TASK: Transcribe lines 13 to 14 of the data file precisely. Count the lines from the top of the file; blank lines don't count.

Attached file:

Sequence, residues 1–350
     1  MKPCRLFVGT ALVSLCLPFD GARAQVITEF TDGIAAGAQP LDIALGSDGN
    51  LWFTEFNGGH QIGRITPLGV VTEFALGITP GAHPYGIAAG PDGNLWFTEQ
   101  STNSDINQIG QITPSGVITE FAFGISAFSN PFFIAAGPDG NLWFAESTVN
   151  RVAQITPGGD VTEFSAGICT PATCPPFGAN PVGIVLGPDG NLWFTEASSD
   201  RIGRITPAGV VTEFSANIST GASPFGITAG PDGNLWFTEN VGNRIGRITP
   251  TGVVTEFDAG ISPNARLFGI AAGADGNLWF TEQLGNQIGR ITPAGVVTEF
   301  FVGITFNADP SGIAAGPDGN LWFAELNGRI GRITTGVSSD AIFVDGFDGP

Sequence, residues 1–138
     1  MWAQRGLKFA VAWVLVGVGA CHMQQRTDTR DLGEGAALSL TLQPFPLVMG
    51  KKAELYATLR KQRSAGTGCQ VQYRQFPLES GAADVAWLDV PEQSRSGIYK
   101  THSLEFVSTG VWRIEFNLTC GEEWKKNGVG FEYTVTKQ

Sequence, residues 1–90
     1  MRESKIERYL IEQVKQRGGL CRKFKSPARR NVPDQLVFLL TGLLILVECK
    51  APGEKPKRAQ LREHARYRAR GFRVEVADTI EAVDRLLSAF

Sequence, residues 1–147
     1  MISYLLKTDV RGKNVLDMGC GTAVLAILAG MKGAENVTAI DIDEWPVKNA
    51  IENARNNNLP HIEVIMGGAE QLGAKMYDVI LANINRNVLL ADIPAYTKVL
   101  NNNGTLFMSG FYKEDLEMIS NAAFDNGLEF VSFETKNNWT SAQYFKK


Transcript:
Sequence, residues 1–90
     1  MRESKIERYL IEQVKQRGGL CRKFKSPARR NVPDQLVFLL TGLLILVECK